Watercolors in the Sky

Photograph by ©Omar Upegui R.
Photograph by ©Omar Upegui R.
Photograph by ©Omar Upegui R.

Good Day!


6 thoughts on “Watercolors in the Sky”

    1. Nothings beats the painting skills of Mother Nature who specializes in painting on the cavases of the sky.

      Thank you for your comment. More sky photographs are in the pipeline. Stay tuned.

    1. The scientific explanation of why clouds have a certain color is indeed interesting and a lot more. Never paid much attention as to why the sky was the way it was. Thank you Linda for the link. As I’ve said many times before, there is never a dull moment in the world of photography.

      “As a light wave’s length increases, its energy decreases. This means the light waves that make up violets, indigo and blue have higher energy levels than the yellow, orange and red.”

      Now I know why the sky had this beautiful combination of colors based on the wave’s length and its energy. Soon I will post several photographs with orange clouds; meaning that they have less energy than the violet, indigo or blue skies. I’m learning every day. Great!

  1. Hola Omar,
    The wave length above violet is ultraviolet and that is sufficient energy to burn skin even through the clouds. Folks often think that a cloudy, cool day on the beach is safe only to discover hours later that without sunblock they may have a very severe burn.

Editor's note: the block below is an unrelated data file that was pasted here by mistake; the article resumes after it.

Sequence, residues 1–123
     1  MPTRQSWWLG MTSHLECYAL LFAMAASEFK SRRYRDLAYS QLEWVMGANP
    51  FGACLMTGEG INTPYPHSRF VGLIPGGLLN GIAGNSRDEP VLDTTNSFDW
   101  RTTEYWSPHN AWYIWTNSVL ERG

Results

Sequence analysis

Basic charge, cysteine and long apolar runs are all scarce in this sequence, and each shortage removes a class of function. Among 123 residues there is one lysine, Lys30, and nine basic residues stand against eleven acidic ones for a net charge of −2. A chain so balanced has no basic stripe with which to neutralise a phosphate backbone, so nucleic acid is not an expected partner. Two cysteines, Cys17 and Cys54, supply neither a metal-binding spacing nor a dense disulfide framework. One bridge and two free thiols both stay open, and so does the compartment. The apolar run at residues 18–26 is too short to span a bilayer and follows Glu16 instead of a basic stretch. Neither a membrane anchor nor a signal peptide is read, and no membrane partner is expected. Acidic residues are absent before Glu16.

The wave lengths above ultraviolet are not in a human’s visual spectrum but we know them as microwaves and their energy level is a great way to quickly boil water to brew the morning’s cup of coffee.
    I just wish here in north Texas that we could see the sun through the storm clouds to get colors other than grays. It could be that our summer is already over for this year?

    1. Hola Jim and Nena:

      Thank you for your perspective about the energy of wave lenghts and their effect on the physical world. Much of this is stuff is sometimes too complicated for my simple mind. But it is true, I’ve seen severe skin burns on people spending too much time at the beach under a bright sun.

      The same is true of the energy of microwaves. Never thought much about it until you mentioned it. Maybe it’s because these waves are invisible to our eyes, yet their results are evident, like boiling water for a cup of coffee.

      I was under the impression that you also got these fire-looking clouds in Texas. Lately, I’m fascinated at the colors of the sky. In the past, never even looked at the sky. Retirement has given me a brand new perspective of our immediate reality. I love it, as you well know.

      Thank you for your insightful comments.

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